, Volume 125, Issue 2, pp 303-310
Date: 28 Sep 2012

Mixed tau, TDP-43 and p62 pathology in FTLD associated with a C9ORF72 repeat expansion and p.Ala239Thr MAPT (tau) variant

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A massive intronic GGGGCC hexanucleotide repeat expansion in C9ORF72 has recently been identified as the most common cause of familial and sporadic amyotrophic lateral sclerosis (ALS) and frontotemporal lobar degeneration (FTLD). We have previously demonstrated that C9ORF72 mutant cases have a specific pathological profile with abundant p62-positive, TDP-43-negative cytoplasmic and intranuclear inclusions within cerebellar granular cells of the cerebellum and pyramidal cells of the hippocampus in addition to classical TDP-43 pathology. Here, we report mixed tau and TDP-43 pathology in a woman with behavioural variant FTLD who had the C9ORF72 mutation, and the p.Ala239Thr variant in MAPT (microtubule associated protein tau) gene not previously associated with tau pathology. Two of her brothers, who carried the C9ORF72 mutation, but not the MAPT variant, developed classical ALS without symptomatic cognitive changes. The dominant neuropathology in this woman with FTLD was a tauopathy with Pick’s disease-like features. TDP-43 labelling was mainly confined to Pick bodies, but p62-positive, TDP-43-negative inclusions, characteristic of C9ORF72 mutations, were present in the cerebellum and hippocampus. Mixed pathology to this degree is unusual. One might speculate that the presence of the C9ORF72 mutation might influence tau deposition in what was previously thought to be a “benign” variant in MAPT in addition to the aggregation of TDP-43 and other as yet unidentified proteins decorated with ubiquitin and p62.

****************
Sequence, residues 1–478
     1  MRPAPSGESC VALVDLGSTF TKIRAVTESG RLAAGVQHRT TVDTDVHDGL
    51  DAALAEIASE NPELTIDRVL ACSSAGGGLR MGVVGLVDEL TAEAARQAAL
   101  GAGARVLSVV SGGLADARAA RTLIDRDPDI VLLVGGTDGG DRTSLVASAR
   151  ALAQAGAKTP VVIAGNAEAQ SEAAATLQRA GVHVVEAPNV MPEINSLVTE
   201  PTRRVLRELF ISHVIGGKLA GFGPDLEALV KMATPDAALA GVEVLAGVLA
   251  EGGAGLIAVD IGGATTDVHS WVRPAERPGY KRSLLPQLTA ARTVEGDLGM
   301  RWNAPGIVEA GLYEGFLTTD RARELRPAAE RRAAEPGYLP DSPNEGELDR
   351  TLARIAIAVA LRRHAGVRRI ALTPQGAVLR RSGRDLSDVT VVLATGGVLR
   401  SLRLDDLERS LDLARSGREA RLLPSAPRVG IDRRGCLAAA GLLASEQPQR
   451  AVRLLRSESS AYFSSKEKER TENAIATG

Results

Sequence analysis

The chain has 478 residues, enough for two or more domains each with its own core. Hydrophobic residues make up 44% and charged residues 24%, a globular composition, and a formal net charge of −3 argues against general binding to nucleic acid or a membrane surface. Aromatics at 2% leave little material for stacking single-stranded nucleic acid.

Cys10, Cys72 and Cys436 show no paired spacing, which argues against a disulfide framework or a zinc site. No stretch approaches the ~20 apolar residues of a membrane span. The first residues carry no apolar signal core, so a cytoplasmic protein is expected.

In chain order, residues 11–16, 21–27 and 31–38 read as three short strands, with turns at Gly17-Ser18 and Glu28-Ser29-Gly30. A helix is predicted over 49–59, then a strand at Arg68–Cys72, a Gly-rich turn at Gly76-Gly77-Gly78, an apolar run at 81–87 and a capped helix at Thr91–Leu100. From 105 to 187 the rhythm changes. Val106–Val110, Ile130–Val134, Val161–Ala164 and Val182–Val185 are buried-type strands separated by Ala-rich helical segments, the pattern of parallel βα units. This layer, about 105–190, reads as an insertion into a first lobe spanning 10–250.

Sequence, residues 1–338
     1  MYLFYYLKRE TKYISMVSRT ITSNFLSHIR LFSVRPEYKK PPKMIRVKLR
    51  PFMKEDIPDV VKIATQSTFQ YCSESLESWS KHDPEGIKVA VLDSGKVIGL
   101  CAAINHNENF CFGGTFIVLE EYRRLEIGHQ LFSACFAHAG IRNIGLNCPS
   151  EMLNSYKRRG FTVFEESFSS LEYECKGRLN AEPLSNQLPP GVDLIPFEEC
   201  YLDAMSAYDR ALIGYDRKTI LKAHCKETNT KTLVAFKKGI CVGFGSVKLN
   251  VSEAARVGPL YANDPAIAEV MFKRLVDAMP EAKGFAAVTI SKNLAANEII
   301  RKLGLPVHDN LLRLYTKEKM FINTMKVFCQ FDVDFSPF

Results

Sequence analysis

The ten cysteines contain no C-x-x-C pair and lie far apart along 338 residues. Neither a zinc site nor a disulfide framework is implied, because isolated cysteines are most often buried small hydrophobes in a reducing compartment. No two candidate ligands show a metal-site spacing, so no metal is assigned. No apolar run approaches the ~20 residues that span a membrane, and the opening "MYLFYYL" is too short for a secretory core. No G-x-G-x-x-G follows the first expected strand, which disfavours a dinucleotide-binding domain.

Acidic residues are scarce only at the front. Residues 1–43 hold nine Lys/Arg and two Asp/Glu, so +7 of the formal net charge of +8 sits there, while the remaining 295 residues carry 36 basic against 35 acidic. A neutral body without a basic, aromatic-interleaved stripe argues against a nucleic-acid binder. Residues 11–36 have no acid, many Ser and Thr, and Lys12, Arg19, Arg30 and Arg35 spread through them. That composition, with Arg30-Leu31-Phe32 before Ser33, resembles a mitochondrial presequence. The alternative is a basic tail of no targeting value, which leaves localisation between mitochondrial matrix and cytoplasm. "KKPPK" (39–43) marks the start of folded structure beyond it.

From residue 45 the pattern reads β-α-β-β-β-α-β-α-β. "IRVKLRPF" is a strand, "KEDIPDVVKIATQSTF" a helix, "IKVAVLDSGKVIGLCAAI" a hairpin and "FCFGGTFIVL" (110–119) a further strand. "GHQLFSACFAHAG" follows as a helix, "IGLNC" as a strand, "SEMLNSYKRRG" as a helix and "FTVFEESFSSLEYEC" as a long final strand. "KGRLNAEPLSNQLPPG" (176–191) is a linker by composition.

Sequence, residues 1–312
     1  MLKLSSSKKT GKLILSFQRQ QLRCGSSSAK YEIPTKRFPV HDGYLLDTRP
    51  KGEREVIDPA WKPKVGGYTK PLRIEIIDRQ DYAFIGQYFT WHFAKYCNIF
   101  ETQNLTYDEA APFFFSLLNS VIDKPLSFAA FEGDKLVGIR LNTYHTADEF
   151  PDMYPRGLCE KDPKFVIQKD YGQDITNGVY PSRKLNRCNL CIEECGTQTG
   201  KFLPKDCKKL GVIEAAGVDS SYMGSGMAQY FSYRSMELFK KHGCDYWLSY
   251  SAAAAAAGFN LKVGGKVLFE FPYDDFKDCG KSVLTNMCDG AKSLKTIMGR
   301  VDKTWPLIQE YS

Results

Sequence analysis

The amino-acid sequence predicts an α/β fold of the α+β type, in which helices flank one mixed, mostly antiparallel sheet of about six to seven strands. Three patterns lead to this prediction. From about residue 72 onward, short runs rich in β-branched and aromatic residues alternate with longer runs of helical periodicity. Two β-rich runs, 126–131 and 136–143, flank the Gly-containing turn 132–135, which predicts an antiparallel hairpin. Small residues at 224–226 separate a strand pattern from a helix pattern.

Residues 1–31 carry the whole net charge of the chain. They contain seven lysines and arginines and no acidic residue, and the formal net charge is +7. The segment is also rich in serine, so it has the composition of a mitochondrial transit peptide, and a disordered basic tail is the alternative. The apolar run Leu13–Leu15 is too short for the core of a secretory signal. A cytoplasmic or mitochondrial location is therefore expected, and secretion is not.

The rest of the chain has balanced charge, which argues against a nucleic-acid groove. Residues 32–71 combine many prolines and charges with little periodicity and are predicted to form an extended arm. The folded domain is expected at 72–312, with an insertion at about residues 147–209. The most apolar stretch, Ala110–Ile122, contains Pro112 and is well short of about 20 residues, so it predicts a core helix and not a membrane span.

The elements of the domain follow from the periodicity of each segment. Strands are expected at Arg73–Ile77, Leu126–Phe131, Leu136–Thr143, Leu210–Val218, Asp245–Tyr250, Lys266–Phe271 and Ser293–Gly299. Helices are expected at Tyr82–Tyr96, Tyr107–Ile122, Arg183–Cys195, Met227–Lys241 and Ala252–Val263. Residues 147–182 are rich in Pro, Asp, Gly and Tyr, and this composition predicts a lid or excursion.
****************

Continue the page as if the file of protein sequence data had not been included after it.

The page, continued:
A. King and S. Al-Sarraj have made an equal contribution.